As I prepare to head out to the Las Vegas desert for this year’s VMWorld conference, I wonder what the future holds.
From the perspective of the late 1990s, it seems almost unbelievable — that Verizon would buy former technology darling Yahoo for just a few billion.
Cloud computing has transformed many areas of business technology. Now it’s the network’s turn.
According to Aberdeen Group’s Jim Rapoza, the Microsoft acquisition of LinkedIn is a great deal, and has the potential to actually affect the way we all do business.
AI assistants, phones, computers, and intelligent devices in general, are potentially always listening to every word that we say. The big question is: Can we do anything about it, or do we even want to?
In Aberdeen’s research, leading ITSM organizations are much more likely to utilize self-service support to reduce overall IT costs and help make end-users more productive.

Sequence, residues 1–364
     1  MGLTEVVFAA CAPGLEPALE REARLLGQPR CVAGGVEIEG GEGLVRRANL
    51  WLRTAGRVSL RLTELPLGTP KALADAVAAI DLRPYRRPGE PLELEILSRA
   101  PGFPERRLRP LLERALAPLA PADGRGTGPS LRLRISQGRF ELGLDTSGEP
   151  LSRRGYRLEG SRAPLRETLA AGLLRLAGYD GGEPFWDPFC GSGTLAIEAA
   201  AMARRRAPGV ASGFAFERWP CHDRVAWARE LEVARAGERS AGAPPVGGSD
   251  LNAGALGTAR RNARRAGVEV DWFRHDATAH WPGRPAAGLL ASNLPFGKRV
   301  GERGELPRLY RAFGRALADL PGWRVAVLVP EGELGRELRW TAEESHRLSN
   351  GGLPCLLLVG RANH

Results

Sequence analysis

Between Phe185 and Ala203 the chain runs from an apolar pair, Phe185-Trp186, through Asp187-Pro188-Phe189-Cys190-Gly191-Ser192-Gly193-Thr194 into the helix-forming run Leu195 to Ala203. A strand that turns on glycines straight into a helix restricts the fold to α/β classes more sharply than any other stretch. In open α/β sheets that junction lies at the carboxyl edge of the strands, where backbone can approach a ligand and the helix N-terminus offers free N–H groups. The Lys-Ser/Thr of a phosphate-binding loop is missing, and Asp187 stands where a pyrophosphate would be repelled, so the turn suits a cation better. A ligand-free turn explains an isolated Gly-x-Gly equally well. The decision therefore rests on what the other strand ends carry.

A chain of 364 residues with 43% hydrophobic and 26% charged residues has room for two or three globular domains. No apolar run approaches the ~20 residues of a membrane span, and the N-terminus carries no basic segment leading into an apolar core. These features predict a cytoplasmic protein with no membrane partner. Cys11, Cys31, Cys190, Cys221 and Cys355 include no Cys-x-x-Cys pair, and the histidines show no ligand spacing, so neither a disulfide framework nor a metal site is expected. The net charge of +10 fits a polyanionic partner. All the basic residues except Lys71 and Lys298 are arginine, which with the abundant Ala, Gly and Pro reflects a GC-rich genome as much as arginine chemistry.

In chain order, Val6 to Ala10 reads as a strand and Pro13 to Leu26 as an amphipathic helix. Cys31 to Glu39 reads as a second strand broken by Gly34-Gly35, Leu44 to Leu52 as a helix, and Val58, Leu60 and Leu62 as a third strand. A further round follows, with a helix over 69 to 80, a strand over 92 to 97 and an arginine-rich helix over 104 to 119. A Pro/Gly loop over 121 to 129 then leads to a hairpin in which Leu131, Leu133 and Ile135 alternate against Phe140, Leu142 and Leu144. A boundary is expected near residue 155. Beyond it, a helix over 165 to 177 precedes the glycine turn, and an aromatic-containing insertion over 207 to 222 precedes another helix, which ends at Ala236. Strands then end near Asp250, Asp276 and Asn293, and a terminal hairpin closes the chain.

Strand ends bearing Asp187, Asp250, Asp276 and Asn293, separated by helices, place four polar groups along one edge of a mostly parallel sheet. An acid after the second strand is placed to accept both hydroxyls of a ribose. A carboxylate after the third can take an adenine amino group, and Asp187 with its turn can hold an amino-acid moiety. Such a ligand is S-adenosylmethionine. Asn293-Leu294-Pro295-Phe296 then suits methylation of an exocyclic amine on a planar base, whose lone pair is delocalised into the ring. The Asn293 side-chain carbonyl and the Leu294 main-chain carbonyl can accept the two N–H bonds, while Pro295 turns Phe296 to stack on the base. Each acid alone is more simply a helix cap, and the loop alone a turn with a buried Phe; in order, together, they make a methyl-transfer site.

There is one area where people think it’s great to mix personal and business, namely email clients. In fact, the Gmail Android app will allow for full Exchange support. If you ask Aberdeen’s Jim Rapoza, this could be a terrible idea.
Many have started referring to the 802.11ac wireless networking standard with the much more marketing-friendly moniker of 5G WiFi. But no matter how you refer to it, are businesses rushing to adopt this new wireless networking technology?
With the passing of Intel’s Andy Grove, we reflect on his biggest accomplishment, which wasn’t in the technology, but rather a marketing move with the “Intel Inside” campaign.
In enterprise IT, businesses are betting on a 33% chance that they will experience no significant downtime in the course of a year, while ignoring the 33% possibility of downtime that will lead to losses of over $2 million.